Mazda North American Operations is launching its first all-new brand effort in 13 years with the "Game Changers" campaign breaking this weekend. But the automaker's long-time "Zoom-Zoom" tagline will survive in ghostly form, flitting across the screen at the end of new TV commercials and appearing in small type at the bottom of print ads.
The effort, from ad agency Garage Team Mazda, salutes sports and historical figures who have "changed the game" -- reflecting what Mazda says it has done to the automotive game since entering the U.S. in 1970.
Among the game changers: Dick Fosbury, the Olympic gold medal winner who revolutionized the high jump with his back-first "Fosbury Flop;" and surfer Laird Hamilton, co-inventor of the tow-in surfing technique where surfers use jet skis to reach the biggest waves. Mazda is also looking at using inventor Thomas Edison in future ads.
The new campaign will coincide with the rollout of the 2014 Mazda6. But the integrated effort will eventually incorporate the automaker's full line of products over the next two to three years. The ads will appear on TV, in print and digital media and in movie theaters.
Said Russell Wager, VP-marketing of Mazda, in a statement: "Game Changers will be the unifying advertising campaign to tell the story of Mazda's rich heritage in developing new and different ways to build outstanding vehicles."
Harvey Marco, creative director of Garage Team Mazda, said the campaign will highlight individuals "who did things differently, which resulted in them rising above their competition."
Among things Mr. Hamilton, the surfer, has done differently is automotive marketing. He previously appeared in "The Undying Dream," a short film that was part of Honda's "Dream the Impossible" film series.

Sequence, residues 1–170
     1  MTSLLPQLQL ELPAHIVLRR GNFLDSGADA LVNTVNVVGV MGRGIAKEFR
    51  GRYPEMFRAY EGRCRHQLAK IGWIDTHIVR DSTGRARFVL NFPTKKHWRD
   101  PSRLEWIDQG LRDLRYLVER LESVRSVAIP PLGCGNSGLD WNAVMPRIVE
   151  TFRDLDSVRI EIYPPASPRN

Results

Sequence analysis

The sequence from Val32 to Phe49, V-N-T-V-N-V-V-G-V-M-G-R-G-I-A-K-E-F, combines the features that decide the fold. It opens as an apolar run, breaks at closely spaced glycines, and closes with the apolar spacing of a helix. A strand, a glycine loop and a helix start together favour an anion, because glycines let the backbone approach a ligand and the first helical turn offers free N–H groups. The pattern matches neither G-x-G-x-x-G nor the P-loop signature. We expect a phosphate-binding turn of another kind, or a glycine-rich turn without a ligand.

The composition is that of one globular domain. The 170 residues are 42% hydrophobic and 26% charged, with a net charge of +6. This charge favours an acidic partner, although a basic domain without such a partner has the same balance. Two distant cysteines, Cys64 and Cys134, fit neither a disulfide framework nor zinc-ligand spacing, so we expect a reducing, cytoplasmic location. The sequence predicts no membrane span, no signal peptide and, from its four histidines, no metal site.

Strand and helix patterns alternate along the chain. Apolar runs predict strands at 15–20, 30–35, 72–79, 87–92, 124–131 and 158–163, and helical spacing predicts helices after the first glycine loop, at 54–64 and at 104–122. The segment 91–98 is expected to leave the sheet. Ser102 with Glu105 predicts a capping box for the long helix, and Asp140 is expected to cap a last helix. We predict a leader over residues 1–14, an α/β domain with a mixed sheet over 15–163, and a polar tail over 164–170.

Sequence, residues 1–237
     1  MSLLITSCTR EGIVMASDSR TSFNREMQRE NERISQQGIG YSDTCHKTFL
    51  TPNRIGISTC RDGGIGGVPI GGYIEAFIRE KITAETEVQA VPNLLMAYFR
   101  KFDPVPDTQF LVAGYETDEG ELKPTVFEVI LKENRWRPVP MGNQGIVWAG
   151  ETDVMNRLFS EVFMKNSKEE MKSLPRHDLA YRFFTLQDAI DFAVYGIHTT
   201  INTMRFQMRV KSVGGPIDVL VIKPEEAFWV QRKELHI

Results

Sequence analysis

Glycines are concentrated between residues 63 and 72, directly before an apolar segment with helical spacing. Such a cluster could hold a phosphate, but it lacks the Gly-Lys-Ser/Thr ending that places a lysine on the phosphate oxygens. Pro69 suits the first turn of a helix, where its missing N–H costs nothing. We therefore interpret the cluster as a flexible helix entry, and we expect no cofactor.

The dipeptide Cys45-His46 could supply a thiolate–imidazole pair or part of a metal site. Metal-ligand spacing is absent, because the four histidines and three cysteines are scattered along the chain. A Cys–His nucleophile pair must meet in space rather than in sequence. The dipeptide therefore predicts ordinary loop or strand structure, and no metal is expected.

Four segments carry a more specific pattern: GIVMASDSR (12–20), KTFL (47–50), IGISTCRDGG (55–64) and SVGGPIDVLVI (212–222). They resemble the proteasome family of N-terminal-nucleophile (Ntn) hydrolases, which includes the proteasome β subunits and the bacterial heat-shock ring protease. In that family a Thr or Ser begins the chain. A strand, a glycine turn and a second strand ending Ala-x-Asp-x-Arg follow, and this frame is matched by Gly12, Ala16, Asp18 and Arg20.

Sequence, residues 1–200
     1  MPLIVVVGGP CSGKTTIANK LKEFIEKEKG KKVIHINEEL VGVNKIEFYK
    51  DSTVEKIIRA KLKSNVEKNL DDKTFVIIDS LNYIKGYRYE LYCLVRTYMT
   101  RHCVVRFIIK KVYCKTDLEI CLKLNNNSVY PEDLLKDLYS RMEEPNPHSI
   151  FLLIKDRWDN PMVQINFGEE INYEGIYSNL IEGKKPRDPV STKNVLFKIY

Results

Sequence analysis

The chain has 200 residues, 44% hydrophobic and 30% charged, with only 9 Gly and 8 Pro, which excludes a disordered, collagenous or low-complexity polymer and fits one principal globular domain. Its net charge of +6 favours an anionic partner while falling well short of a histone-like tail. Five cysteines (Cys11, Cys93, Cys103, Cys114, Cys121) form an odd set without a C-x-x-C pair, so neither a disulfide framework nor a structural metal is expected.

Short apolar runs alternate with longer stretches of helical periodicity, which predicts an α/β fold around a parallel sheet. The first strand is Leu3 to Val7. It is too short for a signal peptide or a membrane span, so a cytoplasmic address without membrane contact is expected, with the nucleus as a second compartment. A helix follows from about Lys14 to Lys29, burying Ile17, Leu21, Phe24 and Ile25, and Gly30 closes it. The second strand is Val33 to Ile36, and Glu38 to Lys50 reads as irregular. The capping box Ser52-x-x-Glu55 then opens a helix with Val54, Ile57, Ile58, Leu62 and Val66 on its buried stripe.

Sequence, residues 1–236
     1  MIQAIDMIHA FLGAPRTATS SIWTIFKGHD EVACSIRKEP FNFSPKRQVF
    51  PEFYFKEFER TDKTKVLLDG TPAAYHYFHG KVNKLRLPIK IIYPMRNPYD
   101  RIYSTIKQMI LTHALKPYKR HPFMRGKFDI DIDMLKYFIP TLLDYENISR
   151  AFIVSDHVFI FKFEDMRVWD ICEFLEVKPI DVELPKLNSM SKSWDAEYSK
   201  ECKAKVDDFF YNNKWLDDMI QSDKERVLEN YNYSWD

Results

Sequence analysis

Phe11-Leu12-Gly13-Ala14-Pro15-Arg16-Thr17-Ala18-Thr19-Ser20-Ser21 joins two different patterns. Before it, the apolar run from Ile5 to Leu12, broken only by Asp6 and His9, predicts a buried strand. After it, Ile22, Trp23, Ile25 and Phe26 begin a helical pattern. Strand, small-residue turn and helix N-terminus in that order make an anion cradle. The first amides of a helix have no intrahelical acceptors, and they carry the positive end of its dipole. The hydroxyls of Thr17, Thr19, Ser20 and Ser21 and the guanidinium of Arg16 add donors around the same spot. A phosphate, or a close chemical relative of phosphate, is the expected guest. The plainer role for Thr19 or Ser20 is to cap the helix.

That doesn't "affect our campaign. But shows the relevancy of Laird Hamilton as he is viewed as a game changer," said Mr. Wager.
Over the next few months, Mazda will shift from a mostly-TV media approach to a more digital approach, said Mr. Wager during a press preview of the campaign during the New York International Auto Show. "More of what like to call a sniper vs. a shotgun approach. At the same time, we're not abandoning TV. We're going to still employ TV as part of our mix," he said.
If Mazda's use of historical figures sounds familiar, it should. The ads are reminiscent in some ways of TBWA/Chiat/Day's "Think Different" campaign for Apple Computer in 1997, which saluted the likes of Albert Einstein, Martin Luther King, Jr., Amelia Earhart and Pablo Picasso. Mr. Marco acknowledged the similarity between the two approaches during a Q&A with reporters. But he said Garage Team Mazda will take a more "contemporary" approach.
Mazda sold 277,000 vehicles in 2012, up 11% from the year before, according to Automotive News. But the company's market share slid to 1.9% last year from a steady 2% from 2008 through 2011. The automaker reached its peak market share of 2.8% in 1991.